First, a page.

This week’s Monday Night Raw saw Vince McMahon enter the building to hastily yet completely change the face of this month’s upcoming Survivor Series. The main event has been cast aside, stories built seemingly binned and a title match back on the card.
The three weeks build up has been handled badly so far, all this for the second longest pay-per-view in WWE history. Survivor Series is meant to be one of the coveted the big four on the calendar, but there is no way it can be compared to Royal Rumble and Wrestlemania these days.
Even the return of The Rock last year to tag with John Cena against The Miz and R-Truth saw the event fall a little flat.
Watching Raw on Monday, the excitement of the crowd was noticeable. The UK crowd does not get a lot of WWE throughout the year, and they make themselves heard whilst they have the chance.
An atmosphere can make the matches better, somehow the noise making it all more absorbing to watch. The quality of Punk vs. Cena at Money in the Bank 2011 was outstanding, the Chicago crowd made it legendary.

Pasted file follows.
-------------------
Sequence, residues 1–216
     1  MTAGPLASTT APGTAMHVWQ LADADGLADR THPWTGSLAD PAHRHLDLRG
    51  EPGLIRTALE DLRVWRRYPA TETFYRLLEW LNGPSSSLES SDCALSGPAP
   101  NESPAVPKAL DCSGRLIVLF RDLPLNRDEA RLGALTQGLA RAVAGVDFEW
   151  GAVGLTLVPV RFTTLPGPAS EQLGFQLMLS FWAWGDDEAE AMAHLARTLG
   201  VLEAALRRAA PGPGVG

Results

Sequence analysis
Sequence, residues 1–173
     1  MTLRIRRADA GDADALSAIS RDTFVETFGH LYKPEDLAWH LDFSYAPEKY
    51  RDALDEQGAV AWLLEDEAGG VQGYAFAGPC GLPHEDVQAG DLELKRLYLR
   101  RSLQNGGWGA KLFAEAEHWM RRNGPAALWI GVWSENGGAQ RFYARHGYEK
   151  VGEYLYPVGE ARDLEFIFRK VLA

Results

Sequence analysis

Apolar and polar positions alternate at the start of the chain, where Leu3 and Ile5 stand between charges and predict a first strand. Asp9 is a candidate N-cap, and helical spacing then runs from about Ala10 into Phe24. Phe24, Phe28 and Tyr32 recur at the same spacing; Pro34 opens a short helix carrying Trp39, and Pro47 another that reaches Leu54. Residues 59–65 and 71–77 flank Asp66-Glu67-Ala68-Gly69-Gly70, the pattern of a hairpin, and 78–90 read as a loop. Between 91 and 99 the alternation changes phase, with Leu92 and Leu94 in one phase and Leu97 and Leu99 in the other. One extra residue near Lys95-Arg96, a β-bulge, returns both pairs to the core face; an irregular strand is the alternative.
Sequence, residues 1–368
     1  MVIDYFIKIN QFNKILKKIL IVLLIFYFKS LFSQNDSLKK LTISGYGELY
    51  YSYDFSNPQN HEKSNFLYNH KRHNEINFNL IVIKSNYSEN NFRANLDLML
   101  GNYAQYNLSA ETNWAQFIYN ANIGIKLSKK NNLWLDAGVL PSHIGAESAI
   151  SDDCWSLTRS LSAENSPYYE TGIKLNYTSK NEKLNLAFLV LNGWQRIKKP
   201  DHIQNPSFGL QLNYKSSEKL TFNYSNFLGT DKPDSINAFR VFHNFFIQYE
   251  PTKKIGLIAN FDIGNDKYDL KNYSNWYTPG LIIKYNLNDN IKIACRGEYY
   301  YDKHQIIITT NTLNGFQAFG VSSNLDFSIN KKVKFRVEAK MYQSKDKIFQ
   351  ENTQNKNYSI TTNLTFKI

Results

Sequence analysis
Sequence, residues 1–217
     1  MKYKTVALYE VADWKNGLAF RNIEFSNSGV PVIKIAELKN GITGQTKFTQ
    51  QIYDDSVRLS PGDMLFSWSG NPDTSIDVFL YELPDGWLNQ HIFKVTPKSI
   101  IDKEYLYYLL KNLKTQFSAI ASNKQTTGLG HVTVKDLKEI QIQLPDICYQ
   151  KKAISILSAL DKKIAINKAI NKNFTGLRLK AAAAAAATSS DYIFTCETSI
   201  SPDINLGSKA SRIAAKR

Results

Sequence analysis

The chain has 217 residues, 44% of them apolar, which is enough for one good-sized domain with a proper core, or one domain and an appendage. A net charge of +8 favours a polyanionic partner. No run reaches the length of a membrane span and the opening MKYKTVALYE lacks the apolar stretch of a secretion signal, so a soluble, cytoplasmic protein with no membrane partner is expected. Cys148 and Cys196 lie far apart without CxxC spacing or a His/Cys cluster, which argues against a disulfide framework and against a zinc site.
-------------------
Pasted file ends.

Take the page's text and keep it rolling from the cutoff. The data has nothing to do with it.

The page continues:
If those UK fans are making that much noise for Raw, the chance to see an event like Survivor Series in front of them would cause an explosion in the audience.
We Brits will happily argue that the best Summerslam ever was on these shores, and the atmosphere when the British Bulldog took on Bret Hart in August of 1992 was intense: 80,000 fans packed into Wembley Arena to witness one of the biggest events of the year, and the place went crazy when Davey Boy Smith got the 1, 2, 3 for the win.
Possibly the greatest match in Summerslam history would have seemed nothing of the sort without that fervent atmosphere. And there is no doubt the crowd would be hot for such a big PPV in good old Blighty.
Whilst the likes of Capital Carnage and No Mercy in the '90s were a big deal, the fans over here would appreciate the significance of Survivor Series coming to Wembley.
Not only that, but I think it could well excite the worldwide audience, the special feeling of a big event in a different country, the atmosphere the Brits would create, the whole build the WWE could present in England, the way the fans react to the likes of Barrett, Regal, Sheamus and even Drew McIntyre.
There’s no doubting it would sell out too, and the crowd would be desperate to be heard in every corner of the WWE Universe.
It’s really quite easy to make Survivor Series important again.
Treat it with significance, present it as a big deal, provoke reaction with history, and set the stage to be one of the biggest moments of the year—and the fans will buy into it.
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